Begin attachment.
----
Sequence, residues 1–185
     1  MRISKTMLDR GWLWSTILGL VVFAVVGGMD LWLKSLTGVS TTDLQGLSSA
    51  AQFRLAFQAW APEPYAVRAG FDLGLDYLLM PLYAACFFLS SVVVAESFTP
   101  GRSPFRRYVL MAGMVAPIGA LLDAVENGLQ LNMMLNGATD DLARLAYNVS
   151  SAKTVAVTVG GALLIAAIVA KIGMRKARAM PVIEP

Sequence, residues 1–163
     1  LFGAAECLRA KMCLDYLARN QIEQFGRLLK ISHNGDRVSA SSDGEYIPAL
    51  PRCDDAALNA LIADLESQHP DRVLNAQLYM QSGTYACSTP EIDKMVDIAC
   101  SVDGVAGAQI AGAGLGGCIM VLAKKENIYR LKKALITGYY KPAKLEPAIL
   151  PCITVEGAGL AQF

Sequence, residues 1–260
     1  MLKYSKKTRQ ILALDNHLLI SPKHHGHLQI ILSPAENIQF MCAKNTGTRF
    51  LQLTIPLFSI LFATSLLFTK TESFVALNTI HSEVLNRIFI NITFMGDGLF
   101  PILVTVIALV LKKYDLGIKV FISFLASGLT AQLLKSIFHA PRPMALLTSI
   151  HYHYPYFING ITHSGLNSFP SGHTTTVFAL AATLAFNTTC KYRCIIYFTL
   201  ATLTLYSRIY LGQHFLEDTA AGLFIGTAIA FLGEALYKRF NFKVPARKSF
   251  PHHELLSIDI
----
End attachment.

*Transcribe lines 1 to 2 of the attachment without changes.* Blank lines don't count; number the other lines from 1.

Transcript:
Sequence, residues 1–185
     1  MRISKTMLDR GWLWSTILGL VVFAVVGGMD LWLKSLTGVS TTDLQGLSSA